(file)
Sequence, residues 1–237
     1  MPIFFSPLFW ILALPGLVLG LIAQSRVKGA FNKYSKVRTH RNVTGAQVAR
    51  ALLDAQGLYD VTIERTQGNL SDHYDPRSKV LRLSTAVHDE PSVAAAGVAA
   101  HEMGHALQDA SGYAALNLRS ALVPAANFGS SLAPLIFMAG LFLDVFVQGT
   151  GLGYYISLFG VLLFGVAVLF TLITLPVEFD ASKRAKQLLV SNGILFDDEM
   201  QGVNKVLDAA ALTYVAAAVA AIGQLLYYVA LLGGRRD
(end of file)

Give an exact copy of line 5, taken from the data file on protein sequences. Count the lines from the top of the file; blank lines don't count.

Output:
   151  GLGYYISLFG VLLFGVAVLF TLITLPVEFD ASKRAKQLLV SNGILFDDEM